Except the structure of a UBI is that everyone gets it, it's more efficient than welfare, and lacks the perverse incentives of welfare where earning more can result in having less. Plus, SO MANY people will be more happy and productive, because they can actually choose their career. The uber-rich will complain, but that's just because they're spoiled brats.
      • I am not getting into a debate over UBI with you or anyone else because I do not believe it's feasible except on a VERY SMALL SCALE and would BANKRUPT the United States in nothing flat, so don't even bother.
        • Congratulations. You are more economically right-wing than Milton Friedman, or you just don't understand proposed models of UBI.
  • Something seems a bit dubious about this research, almost like it is calculated to counter efforts at raising the minimum wage to a livable standard. And sure enough, there are some ties to a fiscally conservative think tank called, The Employment Policies Institute. The Employment Policies Institute is very pro-employer and pro-Privatized Health Insurance. This research study is simply meant to lobby elected officials to not raise the minimum wage. There is no credible, peer-reviewed research to suggest th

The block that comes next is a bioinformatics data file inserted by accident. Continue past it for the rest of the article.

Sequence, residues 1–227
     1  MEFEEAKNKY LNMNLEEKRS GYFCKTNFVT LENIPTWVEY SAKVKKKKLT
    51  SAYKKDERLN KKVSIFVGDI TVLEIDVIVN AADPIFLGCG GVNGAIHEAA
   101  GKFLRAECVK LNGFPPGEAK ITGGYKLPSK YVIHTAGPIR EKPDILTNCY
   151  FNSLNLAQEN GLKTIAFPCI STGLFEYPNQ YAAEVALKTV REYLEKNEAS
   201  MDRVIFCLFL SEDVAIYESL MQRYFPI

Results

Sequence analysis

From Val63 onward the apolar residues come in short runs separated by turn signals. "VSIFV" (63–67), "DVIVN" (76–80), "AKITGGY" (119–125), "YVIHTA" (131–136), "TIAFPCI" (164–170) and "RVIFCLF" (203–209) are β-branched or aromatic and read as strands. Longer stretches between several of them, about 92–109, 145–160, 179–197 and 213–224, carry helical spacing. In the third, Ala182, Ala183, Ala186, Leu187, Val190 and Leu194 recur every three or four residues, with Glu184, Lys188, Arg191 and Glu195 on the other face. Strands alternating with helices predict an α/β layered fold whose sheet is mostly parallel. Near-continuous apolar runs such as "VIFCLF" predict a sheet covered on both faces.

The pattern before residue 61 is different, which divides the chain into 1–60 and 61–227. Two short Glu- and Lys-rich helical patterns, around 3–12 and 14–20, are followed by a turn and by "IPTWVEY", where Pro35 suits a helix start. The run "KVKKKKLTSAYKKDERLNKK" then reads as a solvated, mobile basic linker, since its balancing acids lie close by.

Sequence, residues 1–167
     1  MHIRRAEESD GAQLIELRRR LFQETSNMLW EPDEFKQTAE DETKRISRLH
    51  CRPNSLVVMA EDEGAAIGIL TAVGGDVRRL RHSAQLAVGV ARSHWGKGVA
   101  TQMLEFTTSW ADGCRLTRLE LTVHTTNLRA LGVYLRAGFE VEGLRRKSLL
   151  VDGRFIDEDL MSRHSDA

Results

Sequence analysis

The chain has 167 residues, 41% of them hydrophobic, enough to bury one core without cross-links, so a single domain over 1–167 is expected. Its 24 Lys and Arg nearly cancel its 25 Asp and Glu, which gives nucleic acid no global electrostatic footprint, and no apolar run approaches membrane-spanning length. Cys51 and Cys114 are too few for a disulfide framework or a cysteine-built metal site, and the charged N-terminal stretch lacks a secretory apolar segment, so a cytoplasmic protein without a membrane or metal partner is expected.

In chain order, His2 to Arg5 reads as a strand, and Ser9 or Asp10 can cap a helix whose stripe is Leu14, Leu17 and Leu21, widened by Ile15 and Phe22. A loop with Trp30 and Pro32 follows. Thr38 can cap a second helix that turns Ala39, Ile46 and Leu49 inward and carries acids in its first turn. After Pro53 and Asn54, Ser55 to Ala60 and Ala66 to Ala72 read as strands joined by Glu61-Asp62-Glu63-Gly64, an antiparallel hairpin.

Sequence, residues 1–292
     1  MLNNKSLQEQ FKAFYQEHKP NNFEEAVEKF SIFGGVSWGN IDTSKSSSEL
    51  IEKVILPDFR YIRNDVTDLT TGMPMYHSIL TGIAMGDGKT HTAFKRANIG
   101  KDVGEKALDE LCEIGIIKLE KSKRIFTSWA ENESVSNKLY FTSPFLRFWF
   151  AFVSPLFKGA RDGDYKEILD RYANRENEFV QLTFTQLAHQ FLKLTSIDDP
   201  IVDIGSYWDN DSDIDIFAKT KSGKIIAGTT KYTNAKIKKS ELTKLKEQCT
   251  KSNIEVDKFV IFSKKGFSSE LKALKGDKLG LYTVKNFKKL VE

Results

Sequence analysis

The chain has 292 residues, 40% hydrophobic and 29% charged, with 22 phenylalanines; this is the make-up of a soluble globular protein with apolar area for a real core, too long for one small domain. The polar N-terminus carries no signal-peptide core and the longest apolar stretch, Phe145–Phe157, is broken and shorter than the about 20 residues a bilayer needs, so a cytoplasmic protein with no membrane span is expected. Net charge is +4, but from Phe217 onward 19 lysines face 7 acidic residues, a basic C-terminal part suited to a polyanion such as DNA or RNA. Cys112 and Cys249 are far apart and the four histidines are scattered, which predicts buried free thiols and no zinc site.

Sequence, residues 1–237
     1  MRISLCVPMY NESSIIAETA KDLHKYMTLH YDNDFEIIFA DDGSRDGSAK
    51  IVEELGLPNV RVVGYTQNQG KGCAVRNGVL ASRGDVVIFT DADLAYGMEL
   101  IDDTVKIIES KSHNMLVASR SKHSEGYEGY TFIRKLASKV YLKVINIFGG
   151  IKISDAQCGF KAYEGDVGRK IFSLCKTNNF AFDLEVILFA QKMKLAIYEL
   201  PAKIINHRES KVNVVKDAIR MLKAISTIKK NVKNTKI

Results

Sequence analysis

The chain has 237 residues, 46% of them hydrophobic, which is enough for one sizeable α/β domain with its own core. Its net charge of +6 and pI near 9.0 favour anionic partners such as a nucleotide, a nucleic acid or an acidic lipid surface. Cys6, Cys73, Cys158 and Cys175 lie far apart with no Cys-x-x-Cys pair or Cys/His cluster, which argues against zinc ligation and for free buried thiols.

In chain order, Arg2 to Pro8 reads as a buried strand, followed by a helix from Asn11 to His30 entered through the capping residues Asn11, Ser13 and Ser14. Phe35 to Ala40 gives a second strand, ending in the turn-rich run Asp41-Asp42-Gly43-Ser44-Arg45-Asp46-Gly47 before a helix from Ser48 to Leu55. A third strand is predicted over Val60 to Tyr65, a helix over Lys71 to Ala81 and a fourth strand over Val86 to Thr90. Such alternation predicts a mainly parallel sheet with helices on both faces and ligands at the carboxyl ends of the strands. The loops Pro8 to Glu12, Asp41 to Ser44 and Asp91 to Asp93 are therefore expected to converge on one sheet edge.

• In general, the people that do lose their jobs on account of automation will eventually find alternative employment, and at an overall higher pay than what they were making before... so it's fairly clear that despite the immediate job losses, there are longer term net benefits to society that can be easily overlooked if you only focus on the here and now, as long as the minimum wage increases are kept within tolerances for the rate at which the cost of living has increased (which is historically is not typi
  • by king neckbeard ( 1801738 ) on Wednesday August 16, 2017 @12:55PM (#55026531)
    It's all about framing. Imagine this headline:
    Low wages slow technological growth and reduce leisure time.

    It's essentially stating the same thing, but without the worship of jobs, which are a means to an end.

  • by bravecanadian ( 638315 ) on Wednesday August 16, 2017 @01:11PM (#55026729)

    Automation causes job losses.

    If automation was already on the cusp of automating jobs at minimum wage, then those jobs would have been automated soon, anyways.

  • From TFS:

    For lower-skill jobs like bookkeepers and assembly-line workers,

    OK, so you cherry-pick medium-skill jobs that typically pay above-minimum-wages and have already lost tons of ground to automation (in the case of factory workers, the job losses stretch back 40 years) as an admonition against raising the minimum wage?

    Lesson learned, that's a fine way to run a flawed study.

  • by rbrander ( 73222 ) on Wednesday August 16, 2017 @01:32PM (#55026983) Homepage

    ...automation and job loss. Lack of a minimum wage for farming did not stop those plucky "automators" from reducing farm jobs by about 97% in a century flat. Nor were Luddite concerns related to 19th-century English minimum wage policies.

    The automatiion/wage situation was really nailed to the wall by this fine journalism in The Atlantic five years back:
    https://www.theatlantic.com/ma... [theatlantic.com]